As a primary analyzing tool, I will use Howard Becker's notion of outsiders (Becker, 1963) and the use of nationalism in their discourses (Billig, 1995) as well as professional vision (Goodwin, 1994). 

Hillary Clinton's public use of the term "super-predator"


"Not just gangs of kids anymore. They are the kinds of kids that are called "super-predators"."

On January 25th, 1996, Hillary Clinton gave a speech a Keene State University. She states in a 15-minute long presentation the seven principles of President Bill Clinton's campaign. In a small portion, she mentions that "it is now time for all of us to know what we can do individually to be part of this anti-crime, anti-gangs, anti-drug effort". This shows that those who do not actively participate are not part of their united national effort to root down deviant acts, such as crime, gang violence, and drug use. In these two minutes, Clinton managed to create an "us versus them" mentality (Billig, 1995). The "super-predator" will not conform to their normality and be part of their efforts. Hence, they are no longer part of the American nation and should be treated as "outsiders".

So what does it mean to be an "outsider"? An outsider can be constructed through disobeying societal norms and setting themself apart from established social groups. According to Becker, there is a "common-sense premise that there is something inherently deviant (...) about acts that break (...) social rules" (Becker, 1963). Thus, someone who is considered an outsider is instinctively labeled as deviant. Moreover, it is essential to understand that deviance is created by society. Becker writes "social groups create deviance by making the rules whose infraction constitutes deviance, and by applying those rules to particular people and labeling them as outsiders. (...) deviant behavior is behavior that people so label" (1963).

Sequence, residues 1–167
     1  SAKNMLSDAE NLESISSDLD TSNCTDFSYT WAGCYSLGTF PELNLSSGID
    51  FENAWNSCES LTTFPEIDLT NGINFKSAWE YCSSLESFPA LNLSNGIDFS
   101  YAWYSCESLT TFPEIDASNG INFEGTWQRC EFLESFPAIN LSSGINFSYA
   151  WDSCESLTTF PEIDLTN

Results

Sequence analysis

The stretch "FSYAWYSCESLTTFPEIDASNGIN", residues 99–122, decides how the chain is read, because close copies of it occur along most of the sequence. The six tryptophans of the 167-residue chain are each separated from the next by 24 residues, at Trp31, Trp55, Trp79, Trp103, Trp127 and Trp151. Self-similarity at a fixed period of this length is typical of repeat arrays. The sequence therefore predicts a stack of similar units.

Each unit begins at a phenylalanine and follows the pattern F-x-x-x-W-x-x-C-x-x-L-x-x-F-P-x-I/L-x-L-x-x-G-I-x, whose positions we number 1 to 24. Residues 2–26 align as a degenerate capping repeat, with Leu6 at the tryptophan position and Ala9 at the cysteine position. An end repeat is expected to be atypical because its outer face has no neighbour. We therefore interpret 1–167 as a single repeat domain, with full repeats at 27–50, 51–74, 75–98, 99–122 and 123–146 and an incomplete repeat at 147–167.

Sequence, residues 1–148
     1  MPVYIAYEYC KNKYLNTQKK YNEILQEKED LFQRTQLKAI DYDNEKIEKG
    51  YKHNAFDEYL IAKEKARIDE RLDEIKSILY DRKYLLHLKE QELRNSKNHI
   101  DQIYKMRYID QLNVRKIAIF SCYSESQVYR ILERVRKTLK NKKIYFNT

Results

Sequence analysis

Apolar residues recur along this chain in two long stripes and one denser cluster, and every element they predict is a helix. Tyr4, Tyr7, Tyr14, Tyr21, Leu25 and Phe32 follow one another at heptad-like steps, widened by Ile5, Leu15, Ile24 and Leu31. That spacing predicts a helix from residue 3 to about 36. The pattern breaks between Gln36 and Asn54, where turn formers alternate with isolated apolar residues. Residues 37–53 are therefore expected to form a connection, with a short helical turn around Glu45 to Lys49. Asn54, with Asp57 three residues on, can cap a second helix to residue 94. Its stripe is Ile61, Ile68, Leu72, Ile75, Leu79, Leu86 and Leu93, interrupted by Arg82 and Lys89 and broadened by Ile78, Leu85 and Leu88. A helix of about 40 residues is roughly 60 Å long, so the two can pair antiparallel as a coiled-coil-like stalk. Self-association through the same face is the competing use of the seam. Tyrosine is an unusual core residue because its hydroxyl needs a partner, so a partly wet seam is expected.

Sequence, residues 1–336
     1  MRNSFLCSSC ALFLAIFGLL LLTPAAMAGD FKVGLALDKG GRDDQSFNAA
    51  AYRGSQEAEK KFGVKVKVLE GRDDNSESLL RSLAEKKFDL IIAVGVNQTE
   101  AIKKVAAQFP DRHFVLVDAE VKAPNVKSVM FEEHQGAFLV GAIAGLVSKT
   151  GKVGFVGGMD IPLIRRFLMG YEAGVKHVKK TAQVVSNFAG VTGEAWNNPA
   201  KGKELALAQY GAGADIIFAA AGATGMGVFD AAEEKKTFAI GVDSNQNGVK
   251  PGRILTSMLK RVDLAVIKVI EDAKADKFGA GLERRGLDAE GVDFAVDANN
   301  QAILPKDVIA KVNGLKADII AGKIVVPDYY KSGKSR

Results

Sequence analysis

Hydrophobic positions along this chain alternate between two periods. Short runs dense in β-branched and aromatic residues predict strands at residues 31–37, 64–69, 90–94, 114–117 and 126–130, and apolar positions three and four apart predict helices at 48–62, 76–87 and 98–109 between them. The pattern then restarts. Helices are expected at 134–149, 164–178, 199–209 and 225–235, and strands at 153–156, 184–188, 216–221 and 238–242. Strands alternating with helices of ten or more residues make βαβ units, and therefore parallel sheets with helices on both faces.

Clinton uses nationalism (Billig, 1995) to praise the American police forces, citizens, and those participating in neighborhood patrols. She points out that the "progress on this counts as a nation because of what local law enforcement officials are doing, because of what citizens and neighborhood patrols are doing". She gives them credit for the development they have already made since the "Crime Bill" was implemented in 1994. Therefore, she highlights that their efforts are seen and appreciated, which deepens their need to support newly implemented policies to stop "them", meaning those who are deviant and threaten the American norms. Clinton replaces the concept of a nation with concrete societal groups, such as police,  citizens and neighborhoods. Thus, Clinton is placing these groups in positions of authority and imprinting on them the notion that they are protecting their nation. Human beings often look for approval, and therefore, these groups are more inclined to take action against outsiders that might stray from their norms.